After last week's brutal trek on the Ko'olau Summit Trail I needed something easy.  Amazingly my knees recovered fairly quickly with some Advil and although they're certainly not better, a little exercise was in order.

From what I'd read Pu'u Maelieli Trail seemed to fit the bill.  It's almost exactly a mile each way and leads to a fantastic view of Kaneohe Bay.  I used local hiking legend  Dayle Turner's article for directions and a route description.

We met at McDonalds in Temple Valley and then parked our cars on Hui Iwa Street and headed down the road to Kahekili Highway just like the article said to.


As promised, there was a trail just past the condos.  There's also a metal gate with a No Trespassing sign too.  Ignoring it, we took the obvious trail and began a slow climb.  It was definitely the remains of an old road and as it reached the ridge we took the left path towards Kualoa.

There were several paths that lead off to the right but we ignored them and continued along the ridge.  I noted where an ironwood tree had engulfed barbed wire strung around it years ago.

The road dipped sharply down and the stiffly up.  Despite the high overcast conditions the lack of a breeze made the climb a hot one.  The vegetation trailside was mostly introduced stuff typical of the low lands like ironwood, haole koa, chinese violet, ect. but every once in a while there was a surprise like noni or akia.

Nasty fiddle wood!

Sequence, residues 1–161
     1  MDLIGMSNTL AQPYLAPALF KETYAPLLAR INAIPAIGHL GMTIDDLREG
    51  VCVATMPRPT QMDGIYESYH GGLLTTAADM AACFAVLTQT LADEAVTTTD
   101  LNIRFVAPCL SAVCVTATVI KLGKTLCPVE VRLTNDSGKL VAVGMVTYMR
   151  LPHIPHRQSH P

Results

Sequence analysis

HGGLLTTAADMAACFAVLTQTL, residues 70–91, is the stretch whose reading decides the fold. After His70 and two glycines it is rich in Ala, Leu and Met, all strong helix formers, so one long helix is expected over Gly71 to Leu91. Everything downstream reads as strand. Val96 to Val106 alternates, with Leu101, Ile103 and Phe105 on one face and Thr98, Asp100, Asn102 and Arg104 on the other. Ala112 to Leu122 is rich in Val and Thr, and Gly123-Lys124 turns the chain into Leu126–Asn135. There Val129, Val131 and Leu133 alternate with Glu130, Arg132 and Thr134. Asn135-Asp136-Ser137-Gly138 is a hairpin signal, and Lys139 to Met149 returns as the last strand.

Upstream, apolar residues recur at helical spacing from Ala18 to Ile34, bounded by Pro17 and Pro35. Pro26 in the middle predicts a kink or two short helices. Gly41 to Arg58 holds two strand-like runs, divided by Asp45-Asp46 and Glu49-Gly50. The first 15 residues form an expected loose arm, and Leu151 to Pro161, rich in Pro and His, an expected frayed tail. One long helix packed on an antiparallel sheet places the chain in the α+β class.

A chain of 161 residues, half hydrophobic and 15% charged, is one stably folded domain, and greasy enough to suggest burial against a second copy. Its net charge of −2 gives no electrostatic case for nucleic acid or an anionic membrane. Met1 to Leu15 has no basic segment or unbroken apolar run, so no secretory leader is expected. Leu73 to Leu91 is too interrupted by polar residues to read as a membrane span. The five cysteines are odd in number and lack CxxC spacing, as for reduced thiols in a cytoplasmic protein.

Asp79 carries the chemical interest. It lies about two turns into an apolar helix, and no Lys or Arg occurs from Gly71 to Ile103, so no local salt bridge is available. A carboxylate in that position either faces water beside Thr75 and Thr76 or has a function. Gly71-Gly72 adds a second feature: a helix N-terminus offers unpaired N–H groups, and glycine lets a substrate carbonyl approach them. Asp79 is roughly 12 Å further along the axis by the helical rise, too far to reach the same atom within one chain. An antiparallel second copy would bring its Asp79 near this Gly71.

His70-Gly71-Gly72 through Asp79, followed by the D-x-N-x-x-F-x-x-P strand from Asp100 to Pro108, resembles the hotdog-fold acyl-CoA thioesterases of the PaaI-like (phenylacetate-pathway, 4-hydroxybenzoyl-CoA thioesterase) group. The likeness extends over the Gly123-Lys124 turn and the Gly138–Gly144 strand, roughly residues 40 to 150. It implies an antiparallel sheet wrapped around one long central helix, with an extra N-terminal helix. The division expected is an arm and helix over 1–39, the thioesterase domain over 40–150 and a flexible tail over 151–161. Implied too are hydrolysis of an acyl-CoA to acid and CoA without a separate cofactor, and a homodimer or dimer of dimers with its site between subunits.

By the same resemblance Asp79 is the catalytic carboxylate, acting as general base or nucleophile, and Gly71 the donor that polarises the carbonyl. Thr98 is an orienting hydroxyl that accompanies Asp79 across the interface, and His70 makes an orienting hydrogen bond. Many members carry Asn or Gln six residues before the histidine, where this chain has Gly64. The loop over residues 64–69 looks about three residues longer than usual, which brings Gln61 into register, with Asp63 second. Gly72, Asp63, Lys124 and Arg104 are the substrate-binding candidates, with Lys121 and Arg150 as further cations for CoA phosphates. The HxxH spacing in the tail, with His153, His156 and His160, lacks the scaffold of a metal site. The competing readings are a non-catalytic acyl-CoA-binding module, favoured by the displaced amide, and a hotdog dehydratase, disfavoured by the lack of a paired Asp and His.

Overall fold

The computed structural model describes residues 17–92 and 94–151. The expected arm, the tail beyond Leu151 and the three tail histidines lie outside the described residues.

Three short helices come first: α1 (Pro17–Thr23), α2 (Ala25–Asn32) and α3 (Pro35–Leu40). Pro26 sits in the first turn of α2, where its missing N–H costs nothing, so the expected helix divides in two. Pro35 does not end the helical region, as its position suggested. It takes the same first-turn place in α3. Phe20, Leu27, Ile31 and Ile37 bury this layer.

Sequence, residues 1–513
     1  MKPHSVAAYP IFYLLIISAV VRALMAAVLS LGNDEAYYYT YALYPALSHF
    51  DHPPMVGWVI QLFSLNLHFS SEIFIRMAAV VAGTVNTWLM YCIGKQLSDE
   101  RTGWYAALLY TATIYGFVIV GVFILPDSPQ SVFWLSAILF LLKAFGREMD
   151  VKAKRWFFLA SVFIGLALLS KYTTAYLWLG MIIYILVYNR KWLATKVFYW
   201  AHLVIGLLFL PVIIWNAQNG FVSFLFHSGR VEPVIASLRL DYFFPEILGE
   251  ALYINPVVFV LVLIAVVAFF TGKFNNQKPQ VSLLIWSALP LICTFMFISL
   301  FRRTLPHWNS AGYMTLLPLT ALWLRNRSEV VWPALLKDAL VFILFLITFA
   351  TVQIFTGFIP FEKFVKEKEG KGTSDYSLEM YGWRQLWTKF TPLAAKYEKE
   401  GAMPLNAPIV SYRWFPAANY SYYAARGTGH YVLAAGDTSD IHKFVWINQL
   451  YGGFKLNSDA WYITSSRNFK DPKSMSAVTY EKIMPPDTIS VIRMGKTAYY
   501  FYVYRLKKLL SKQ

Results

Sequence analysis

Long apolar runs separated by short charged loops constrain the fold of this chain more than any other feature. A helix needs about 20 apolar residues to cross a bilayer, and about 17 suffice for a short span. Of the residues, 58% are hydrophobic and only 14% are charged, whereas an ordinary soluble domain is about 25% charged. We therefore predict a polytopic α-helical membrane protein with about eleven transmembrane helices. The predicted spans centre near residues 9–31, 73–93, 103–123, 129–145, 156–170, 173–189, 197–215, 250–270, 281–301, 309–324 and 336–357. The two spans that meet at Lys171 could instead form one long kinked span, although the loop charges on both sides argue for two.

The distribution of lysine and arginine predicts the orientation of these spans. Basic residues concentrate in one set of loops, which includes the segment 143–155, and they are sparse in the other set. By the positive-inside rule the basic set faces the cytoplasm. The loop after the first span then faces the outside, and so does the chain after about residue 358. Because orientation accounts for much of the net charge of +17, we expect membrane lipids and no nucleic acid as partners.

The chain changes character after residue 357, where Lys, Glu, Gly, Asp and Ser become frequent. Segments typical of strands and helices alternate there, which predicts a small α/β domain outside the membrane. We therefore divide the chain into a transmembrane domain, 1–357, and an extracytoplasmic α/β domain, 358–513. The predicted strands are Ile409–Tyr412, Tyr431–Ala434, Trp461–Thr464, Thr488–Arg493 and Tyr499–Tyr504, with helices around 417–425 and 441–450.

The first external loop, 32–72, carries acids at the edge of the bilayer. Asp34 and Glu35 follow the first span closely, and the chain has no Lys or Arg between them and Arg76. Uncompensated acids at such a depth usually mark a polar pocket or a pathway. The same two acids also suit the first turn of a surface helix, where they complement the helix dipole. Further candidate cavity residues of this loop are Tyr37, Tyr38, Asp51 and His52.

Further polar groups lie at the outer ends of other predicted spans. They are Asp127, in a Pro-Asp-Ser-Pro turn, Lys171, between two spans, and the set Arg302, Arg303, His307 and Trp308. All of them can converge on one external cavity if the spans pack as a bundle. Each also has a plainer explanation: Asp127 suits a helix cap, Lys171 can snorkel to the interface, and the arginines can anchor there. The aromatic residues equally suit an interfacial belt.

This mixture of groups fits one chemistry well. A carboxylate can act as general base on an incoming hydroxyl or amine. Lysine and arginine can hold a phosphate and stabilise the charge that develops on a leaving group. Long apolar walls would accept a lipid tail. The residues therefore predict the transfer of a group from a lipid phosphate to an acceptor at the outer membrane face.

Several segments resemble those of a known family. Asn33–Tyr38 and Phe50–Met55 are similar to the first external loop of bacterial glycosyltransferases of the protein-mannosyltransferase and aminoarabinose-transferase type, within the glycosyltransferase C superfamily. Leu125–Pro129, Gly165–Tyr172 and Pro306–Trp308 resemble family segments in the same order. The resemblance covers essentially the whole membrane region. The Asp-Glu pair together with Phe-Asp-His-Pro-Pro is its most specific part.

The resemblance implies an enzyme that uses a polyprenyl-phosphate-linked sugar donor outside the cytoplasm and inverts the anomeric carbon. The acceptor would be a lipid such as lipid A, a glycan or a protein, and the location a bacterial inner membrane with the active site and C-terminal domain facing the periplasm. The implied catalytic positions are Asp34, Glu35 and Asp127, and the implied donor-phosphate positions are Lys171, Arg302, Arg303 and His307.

Ever present in the Kaneohe area is the invasive fiddle wood tree.  It's orange berries must be a treat for the birds which seem to spread it everywhere.  I find this stuff growing in my yard in Kailua from time to time.  Between it, the octopus tree, and haole koa it's among the worst of the weeds of the windward lowlands.

Further on, the trail meanders under some Christmas Berry, another invasive pest. 

We heard the unmistakable sound of one of the Navy's P3 Orion anti submarine patrol planes droning overhead and a break in the vegetation gave us a view of it and of Kaneohe Marine Corps Air Station across the bay.

Making the final climb to the summit we looked back to this fantastic view of Kaneohe across a large wetlands fed by He'eia Stream.

Eventually we reached the top of Pu'u Maelieli.  At the summit this sign explains the meaning of Ma'eli'eli and alerts you to the areas history as He'eia Combat Training Area in World War II.  It's interesting to noted the gods Kane and Kanaloa raced to the top of this hill.  My knowledge of Hawaiian mythology is a little sketchy but I'm assuming this was during the time when they traveled the islands digging up springs.

Just beyond the sign the old WWII era fire control stations that help direct fire from the various coastal artillery defenses of windward O'ahu awaited.  The complex is known as "Fire Control Station 8".

Entrance to the first bunker
Optics mount
Inside of the first bunker
We made our way though the various emplacements and stopped our hike at the double-decker at the end of the point.

The views from the last set of bunkers is fantastic!

 We dropped into both the bunkers to explore them and sat on the edge of them soaking in the beauty of the bay below.

I had a feeling that there was more to be discovered along the feint outline of the old overgrown road that makes it's way up from the makai side of the ridge.


 Looking at this historic picture of Camp He'eia I'm guessing there are all kinds of things hiding in these hills.

"Borrowed" from
The trail continued to westwards beyond the last bunkers but we decided to call it a day and head back to our cars on Hui Iwa Street.  Pu'u Ma'eli'eli is a fantastic little hike that I'd equate to  Ka'iwa Ridge above Lanikai.  Definitely one worth doing!

 More pictures from this trail and others I've done can be viewed on Flickr.  Aloha and mahalo for reading!